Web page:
Tuesday, June 12, 2012
100 Books #51 - Anne Lyle's ALCHEMIST OF SOULS
Some books are just made for readers like me, ticking off so many boxes on one's personal checklist that one sits there screaming "hey you book, why aren't you already published and in my hot little hands!" when one hears about them.
Alchemist of Souls is one of those, for me. Tudor/Elizabethan England? Check. Alternate history*? Check. Alien species coexisting with humans? Check. Theatrical politics? Check. Shakespearean cross-dressers, onstage and off? Check.
The world of the novel is one in which Elizabeth I not only married but had children; England's Crown Prince is her son Arthur (by, of course, Robert Dudley. Aww!). That's all just background, though, because this book isn't about Elizabeth or her children except in a distant way; our heroes and heroines are more or less ordinary Londoners dealing with the consequences of an extraordinary event: for the first time ever, a tribe of Skraylings (the aforementioned alien species, the conceit of them being that the New World contained not only the people we know as First Nations/Native Americans, but also a magical, sort-of-elfin race who became trading partners and allies of Britain) are sending a formal ambassador to Elizabeth's court. So of course, intrigue on every level follows, because France and Spain are still Britain's enemies and seek to break up that alliance, by whatever means they might. By which I mean spies, assassins, saboteurs, the usual rabble of mischief-makers.
Enter Maliverny Catlyn (loosely based on an actual historical figure), mysterious swordsman with an intriguing past of which we're only given hints, who is singled out by the powers that be to serve as this ambassador's bodyguard. He has theatrical connections through a sometime love affair with a copyist and forger and thereby winds up coming into the orbit of our other protagonist, Coby, sort of a young majordomo for a theater company who happens to be fluent in TradeTalk, the Skrayling/English pidgeon Mal will have to learn in order to do his new job. Coby, of course, being a "real life" Shakespearean girl in disguise**, half Viola, half Rosalind, falls in love with Mal, though she would have wound up sucked into these intrigues anyway, since her theater company is one of many competing in a special theater contest which the ambassador shall judge, Skraylings being wild about the theater.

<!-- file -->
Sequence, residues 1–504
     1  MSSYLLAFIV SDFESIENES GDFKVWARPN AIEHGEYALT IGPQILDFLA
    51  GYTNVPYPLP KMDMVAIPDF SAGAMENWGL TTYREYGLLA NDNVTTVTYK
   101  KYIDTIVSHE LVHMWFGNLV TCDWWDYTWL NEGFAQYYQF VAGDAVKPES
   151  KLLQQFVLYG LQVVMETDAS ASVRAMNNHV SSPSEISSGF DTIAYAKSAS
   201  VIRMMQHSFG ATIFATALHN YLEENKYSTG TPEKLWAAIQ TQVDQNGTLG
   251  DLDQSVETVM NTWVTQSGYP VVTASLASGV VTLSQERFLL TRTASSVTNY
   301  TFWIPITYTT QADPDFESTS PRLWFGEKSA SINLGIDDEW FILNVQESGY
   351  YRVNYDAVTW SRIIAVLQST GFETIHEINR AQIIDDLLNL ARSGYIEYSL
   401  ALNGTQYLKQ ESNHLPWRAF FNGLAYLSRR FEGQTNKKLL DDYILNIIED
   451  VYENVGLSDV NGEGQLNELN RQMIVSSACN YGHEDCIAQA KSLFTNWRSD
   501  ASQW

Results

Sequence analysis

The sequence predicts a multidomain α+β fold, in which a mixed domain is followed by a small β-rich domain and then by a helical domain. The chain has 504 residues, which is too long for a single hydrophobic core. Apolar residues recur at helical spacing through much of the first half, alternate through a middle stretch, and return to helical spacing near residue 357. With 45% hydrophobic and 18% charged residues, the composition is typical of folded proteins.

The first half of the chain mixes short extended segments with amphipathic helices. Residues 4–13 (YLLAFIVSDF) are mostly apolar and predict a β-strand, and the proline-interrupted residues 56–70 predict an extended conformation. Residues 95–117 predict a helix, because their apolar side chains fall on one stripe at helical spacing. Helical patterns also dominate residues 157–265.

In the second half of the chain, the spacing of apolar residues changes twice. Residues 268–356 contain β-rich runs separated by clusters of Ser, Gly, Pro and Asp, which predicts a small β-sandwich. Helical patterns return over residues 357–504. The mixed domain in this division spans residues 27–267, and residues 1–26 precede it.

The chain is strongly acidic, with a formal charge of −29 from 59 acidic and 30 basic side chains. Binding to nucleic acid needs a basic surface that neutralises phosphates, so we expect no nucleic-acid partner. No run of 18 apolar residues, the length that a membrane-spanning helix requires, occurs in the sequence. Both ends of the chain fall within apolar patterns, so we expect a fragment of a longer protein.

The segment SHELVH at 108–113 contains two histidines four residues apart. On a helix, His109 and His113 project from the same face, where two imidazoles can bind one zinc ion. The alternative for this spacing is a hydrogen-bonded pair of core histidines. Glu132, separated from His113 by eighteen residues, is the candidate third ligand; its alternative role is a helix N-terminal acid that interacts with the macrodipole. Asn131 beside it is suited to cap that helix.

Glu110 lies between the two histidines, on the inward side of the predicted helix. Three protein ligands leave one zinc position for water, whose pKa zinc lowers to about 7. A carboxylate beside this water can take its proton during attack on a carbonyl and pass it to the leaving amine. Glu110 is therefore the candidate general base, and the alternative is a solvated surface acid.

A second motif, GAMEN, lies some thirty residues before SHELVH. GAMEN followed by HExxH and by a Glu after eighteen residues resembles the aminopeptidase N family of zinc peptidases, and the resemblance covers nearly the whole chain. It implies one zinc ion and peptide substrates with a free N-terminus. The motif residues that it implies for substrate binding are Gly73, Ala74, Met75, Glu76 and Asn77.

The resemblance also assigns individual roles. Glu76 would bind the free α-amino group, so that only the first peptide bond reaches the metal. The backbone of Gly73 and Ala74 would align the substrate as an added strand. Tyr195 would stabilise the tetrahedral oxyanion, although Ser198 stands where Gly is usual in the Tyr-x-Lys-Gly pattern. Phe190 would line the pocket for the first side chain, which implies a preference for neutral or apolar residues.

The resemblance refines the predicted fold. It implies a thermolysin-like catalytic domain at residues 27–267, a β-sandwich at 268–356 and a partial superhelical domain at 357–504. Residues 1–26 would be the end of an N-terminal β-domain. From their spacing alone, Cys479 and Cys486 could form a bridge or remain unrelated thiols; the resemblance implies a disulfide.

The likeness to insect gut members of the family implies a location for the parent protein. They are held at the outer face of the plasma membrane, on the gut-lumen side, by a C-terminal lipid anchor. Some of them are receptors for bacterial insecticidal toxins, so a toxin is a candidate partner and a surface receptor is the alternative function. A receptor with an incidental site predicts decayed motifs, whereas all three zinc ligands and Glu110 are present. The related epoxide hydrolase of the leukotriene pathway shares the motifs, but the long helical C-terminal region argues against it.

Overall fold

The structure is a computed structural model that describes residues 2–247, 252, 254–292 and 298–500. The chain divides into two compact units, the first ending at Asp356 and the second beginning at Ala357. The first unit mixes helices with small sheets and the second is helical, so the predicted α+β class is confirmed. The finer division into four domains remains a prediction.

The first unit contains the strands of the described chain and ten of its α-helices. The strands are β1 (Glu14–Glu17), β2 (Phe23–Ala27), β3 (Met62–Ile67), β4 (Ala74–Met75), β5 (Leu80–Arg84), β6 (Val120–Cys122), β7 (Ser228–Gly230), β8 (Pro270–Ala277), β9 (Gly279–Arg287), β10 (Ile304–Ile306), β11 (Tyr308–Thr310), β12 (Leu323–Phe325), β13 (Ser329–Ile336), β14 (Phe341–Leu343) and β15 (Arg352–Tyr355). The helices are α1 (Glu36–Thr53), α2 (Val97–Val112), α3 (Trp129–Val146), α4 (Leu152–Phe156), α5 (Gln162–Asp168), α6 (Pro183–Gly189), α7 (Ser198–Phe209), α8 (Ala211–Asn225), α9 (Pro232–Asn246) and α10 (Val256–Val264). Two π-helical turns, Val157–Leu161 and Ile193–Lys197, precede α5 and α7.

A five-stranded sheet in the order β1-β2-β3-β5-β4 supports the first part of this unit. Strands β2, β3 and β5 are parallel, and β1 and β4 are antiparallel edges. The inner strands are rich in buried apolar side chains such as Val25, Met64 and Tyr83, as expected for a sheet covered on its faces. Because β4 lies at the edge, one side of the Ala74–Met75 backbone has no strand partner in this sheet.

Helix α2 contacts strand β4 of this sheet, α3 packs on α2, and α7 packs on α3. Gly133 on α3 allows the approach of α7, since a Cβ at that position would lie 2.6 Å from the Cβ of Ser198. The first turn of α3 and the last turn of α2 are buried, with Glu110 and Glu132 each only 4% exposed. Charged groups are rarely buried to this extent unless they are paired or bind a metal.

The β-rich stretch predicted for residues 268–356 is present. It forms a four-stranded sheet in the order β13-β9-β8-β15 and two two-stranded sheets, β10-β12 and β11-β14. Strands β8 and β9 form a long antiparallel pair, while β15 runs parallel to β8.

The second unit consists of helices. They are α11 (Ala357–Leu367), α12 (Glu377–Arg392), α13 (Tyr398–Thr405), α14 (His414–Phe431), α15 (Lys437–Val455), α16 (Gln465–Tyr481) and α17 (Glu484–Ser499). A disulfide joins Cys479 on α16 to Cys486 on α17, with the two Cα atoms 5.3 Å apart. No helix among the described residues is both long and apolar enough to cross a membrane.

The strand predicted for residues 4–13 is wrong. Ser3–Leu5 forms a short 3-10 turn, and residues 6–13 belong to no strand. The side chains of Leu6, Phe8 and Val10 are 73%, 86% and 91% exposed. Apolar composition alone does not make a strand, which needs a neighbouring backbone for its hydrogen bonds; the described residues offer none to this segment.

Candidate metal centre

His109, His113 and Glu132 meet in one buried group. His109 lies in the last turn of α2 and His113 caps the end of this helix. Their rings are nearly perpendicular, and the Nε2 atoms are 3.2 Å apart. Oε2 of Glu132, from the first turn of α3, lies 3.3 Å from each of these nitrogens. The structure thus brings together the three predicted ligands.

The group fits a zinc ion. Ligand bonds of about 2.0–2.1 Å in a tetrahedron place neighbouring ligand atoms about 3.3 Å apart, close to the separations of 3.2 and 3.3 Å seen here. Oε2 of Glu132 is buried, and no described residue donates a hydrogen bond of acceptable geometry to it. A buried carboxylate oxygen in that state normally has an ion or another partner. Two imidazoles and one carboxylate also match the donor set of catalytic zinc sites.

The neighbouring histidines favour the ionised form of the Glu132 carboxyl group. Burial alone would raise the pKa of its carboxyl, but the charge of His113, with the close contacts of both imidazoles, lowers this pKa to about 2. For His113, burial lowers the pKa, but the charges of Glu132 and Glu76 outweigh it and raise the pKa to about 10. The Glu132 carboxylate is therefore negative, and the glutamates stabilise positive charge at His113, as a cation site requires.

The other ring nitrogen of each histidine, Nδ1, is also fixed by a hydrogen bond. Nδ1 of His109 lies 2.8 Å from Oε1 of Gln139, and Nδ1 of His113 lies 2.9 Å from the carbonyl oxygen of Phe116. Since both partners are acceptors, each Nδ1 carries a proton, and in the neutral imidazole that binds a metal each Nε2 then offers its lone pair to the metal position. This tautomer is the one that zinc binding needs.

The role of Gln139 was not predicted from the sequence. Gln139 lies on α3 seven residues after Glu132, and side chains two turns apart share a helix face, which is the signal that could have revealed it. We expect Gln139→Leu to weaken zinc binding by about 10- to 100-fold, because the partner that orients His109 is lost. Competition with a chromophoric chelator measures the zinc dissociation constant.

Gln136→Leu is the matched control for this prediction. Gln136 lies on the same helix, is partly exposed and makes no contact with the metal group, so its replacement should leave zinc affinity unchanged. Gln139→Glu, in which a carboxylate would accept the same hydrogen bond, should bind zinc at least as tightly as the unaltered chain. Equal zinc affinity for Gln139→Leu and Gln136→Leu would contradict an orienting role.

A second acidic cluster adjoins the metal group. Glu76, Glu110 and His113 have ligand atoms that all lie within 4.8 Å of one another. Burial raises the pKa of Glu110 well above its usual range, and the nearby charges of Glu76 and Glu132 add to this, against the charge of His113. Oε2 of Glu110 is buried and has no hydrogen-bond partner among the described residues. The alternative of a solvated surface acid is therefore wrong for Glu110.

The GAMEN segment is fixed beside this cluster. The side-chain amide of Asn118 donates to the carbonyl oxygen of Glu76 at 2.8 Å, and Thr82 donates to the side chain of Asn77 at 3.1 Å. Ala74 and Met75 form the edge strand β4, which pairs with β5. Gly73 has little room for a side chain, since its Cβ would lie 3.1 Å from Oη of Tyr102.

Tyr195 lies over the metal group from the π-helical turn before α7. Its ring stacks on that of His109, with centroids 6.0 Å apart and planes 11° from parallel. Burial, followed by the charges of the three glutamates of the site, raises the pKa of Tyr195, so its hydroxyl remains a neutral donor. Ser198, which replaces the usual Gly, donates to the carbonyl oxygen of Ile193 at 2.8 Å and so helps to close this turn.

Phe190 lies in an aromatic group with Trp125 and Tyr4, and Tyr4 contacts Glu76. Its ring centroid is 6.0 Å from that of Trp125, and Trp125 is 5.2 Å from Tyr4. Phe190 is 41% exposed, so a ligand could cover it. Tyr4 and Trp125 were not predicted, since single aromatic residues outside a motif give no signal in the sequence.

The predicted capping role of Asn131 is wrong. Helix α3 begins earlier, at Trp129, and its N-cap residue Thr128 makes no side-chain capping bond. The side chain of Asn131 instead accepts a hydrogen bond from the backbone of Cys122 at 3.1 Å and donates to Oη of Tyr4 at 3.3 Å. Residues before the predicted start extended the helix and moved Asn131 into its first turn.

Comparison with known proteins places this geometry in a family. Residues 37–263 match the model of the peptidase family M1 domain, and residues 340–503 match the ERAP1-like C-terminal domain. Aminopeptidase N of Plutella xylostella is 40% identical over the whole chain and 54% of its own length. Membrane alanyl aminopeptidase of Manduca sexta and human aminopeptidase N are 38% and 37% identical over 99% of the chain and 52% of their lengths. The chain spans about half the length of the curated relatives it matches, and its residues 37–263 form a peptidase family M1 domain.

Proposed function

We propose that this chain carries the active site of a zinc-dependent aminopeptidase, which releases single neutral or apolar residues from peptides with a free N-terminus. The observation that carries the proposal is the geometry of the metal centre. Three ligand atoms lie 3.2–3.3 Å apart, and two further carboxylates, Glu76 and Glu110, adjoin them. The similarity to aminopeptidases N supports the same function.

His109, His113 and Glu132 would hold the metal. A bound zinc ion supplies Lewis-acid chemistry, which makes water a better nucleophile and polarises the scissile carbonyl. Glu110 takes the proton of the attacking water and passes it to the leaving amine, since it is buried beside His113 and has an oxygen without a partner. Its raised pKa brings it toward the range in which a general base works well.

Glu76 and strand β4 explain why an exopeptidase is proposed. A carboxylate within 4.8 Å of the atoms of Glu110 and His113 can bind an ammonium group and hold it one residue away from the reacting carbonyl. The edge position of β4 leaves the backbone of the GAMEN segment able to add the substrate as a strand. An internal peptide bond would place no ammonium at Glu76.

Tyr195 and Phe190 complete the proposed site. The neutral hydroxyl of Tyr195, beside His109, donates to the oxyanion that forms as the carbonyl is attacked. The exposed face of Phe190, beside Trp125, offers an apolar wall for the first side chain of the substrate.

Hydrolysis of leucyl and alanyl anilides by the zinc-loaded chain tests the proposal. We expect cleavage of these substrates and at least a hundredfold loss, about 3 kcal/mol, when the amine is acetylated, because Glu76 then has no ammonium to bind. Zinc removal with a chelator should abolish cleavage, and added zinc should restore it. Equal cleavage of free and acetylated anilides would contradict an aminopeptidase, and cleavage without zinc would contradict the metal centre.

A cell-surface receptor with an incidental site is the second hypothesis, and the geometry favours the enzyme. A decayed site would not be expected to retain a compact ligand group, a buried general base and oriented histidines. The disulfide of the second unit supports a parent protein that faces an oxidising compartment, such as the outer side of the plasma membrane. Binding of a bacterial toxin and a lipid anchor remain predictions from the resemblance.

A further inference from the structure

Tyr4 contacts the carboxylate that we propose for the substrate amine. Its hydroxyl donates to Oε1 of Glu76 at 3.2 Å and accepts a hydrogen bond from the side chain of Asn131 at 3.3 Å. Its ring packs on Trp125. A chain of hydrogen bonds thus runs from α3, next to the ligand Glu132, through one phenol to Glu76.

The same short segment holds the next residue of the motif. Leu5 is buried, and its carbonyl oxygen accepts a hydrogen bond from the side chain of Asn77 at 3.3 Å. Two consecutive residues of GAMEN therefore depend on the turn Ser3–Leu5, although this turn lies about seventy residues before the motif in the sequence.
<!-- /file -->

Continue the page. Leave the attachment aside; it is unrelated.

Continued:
Got all that? Good, because there's even more. I have proclaimed on this blog and elsewhere that I would love to read a version of A Song of Ice and Fire that's all about the little people instead of the unpleasant, immoral bigshots jockeying for power. I seem to have gotten my wish. There is a dizzying array of plots and counter-plots, both in the meta, literary sense and in the sense of espionage and political struggle. Coby's is not the only secret identity. The Skraylings have lots of secrets, and not just that of how they make light out of puddles of mystery liquid. There is, of course, magic, and while a major plot point does hinge on this magic, it's otherwise pretty unobtrusive, a mere and minor fact of the world, because Anne Lyle is interested in people, not fantasy tropes. To which I say hooray!
A sequel, set in the Venice of this alternate world, is planned for later this year, and shall land on my ebook reader as a matter of course due to my Angry Robot ebooks subscription, which I shall be renewing immediately this month. I think of all my purchases over the last twelve months, that subscription has given me the most return on investment in terms of sheer pleasure. I am now never without something to read; indeed, I have an overabundance yet, including many books that came out before Alchemist of Souls but didn't promise to capture my imagination and anticipation quite the way this book did. And yes, that promise I count quite fulfilled. Whot larks!
I'm still puzzled at the title, though. No alchemists were harmed in the making of this book. No alchemists appeared at all. The title is pretty much just a rather deep metaphor for plot points I shan't reveal here. Shh!
*Very, very alternate. This Elizabethan England is way more accepting of, e.g., homosexuality, than the real period was, for instance, to say nothing of a whole 'nother sentient race. There are mentions of sectarian Catholic/Protestant tensions but they're just that -- mentions. Much of this can be forgiven (if forgiveness is needed) because of the subculture in which so much of the story takes place; theater/arts circles are always a bit more progressive than the rest of society. Still, I sometimes found this a little hard to swallow.
**This is just one of many Shakespearean motifs, overt and subtle, appearing in the novel. I think Lyle is probably a good old Shakespeare nerd. Funny the Bard himself never appears. That's rather a huge absence, especially since it's not explained. Perhaps in the sequel?